Fish Tale: A frenzy of fish
The setting is Bean Point, where various fishermen are spread out in the shallow water along the beach casting into a calm sea, hoping to catch the pugnacious pompano but catching instead the more placid whiting.
It seemed that there had not been so many dolphins around this year, but I noticed more of them than usual that morning. They were leaping about at some distance from the shore, fishing back and forth, and after a while their movement just became part of the backdrop.
Suddenly, this rather tranquil scene erupted into a thrashing mass of frenzied fish. About a half-dozen dolphins were herding thousands of jacks, which were in a desperate attempt to escape, leaping across the surface of the water toward the beach. So large was the school — I’d guess about the size of a tennis court — that the sound of their thrashing could be heard from where we stood, and so packed that the water darkened.
What followed happened extremely fast. Those anglers more timid, perhaps wiser, beat a hasty retreat for dry land. Yours truly, being neither timid nor particularly wise, stood firm, caught between retrieving my line to save it from almost certain shredding as all these rampaging fish neared, and the intriguing prospect of hooking one.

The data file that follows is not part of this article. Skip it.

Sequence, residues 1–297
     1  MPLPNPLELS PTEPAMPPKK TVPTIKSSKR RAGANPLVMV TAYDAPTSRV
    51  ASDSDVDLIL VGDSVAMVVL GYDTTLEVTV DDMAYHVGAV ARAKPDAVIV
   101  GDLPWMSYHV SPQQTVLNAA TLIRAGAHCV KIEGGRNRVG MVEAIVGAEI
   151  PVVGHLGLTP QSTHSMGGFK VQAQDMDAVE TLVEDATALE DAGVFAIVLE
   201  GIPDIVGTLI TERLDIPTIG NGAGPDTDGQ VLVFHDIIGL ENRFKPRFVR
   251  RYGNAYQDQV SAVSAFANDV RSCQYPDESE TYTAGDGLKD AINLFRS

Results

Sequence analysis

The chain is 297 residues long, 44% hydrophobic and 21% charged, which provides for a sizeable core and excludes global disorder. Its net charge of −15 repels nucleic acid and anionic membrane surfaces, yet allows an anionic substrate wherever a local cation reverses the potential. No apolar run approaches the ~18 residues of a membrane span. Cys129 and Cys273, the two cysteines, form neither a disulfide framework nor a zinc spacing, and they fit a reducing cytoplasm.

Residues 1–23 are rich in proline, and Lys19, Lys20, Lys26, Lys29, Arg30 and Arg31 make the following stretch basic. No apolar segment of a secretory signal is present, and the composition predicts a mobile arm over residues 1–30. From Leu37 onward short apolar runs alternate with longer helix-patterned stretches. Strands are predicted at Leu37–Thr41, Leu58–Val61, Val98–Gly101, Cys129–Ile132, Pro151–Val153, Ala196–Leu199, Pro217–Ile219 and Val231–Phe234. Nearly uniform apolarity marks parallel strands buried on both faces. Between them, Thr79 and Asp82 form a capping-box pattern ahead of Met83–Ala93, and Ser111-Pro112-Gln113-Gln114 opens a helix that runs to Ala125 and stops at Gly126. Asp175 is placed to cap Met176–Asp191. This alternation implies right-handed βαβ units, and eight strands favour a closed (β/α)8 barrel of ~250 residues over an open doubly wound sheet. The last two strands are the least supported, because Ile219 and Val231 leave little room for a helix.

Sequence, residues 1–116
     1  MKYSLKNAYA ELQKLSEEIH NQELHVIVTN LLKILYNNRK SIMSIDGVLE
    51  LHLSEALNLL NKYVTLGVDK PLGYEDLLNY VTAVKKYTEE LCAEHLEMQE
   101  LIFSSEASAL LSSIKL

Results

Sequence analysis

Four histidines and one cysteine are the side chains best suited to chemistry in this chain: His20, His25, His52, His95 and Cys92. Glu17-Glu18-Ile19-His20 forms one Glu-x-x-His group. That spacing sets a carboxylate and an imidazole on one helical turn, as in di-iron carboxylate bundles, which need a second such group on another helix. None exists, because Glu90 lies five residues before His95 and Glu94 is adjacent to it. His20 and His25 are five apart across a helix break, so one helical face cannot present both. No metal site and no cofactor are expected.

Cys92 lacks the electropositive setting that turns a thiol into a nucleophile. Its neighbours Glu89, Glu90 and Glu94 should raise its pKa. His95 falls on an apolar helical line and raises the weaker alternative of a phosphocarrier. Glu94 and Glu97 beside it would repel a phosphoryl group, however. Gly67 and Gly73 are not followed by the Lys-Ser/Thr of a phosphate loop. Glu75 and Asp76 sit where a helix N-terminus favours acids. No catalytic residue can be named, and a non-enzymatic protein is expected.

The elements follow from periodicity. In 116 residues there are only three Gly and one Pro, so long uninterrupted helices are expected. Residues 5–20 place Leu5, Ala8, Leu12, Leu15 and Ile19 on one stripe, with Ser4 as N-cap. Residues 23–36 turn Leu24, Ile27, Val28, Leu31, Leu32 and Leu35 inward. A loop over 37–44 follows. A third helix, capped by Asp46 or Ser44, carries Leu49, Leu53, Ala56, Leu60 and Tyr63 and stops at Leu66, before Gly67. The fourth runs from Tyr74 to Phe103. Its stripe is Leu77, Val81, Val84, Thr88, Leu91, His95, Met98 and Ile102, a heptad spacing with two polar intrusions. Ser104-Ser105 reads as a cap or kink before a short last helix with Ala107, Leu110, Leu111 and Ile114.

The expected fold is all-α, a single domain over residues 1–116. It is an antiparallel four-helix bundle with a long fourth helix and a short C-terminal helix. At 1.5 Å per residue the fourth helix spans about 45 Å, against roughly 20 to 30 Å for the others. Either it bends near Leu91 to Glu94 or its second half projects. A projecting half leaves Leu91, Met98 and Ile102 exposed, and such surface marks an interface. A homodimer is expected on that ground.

At any rate there was no time to do much of anything. The jacks came right at me until they were close enough to be seen in detail, giving me a very high-speed eyeball-to-eyeball look. It was quite strange. There were so many of them moving so fast at such close range that all I could do was stand riveted to the spot.
At the last moment, they swerved at my feet and headed along the beach. Immediately my reel started to whine as the spool let go of the line, and it was obvious that I would either run out of line or it would snap. My light rod was not going to slow the snagged fish, to say nothing of the dumbfounded anglers and their equipment along the shore whom I would bang into if I tried to run in pursuit.
Almost immediately there was a sharp twang and the line went dead as the dolphins and their prey continued at breakneck speed down the shore.
For a moment, we were all a little stunned, having witnessed both the suddenness and the breadth of the unusual scene. There was an angler at the far end of our group who had a heavier rod and reel, and who was able — by running along the shore unobstructed — to land one of the jacks. And it was released to run again.